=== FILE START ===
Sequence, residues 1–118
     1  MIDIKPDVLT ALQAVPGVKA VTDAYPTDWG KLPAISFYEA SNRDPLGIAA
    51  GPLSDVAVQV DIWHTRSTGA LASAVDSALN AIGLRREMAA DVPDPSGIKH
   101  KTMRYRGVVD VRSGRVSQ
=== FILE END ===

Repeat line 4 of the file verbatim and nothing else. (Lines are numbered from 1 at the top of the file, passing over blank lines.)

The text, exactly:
   101  KTMRYRGVVD VRSGRVSQ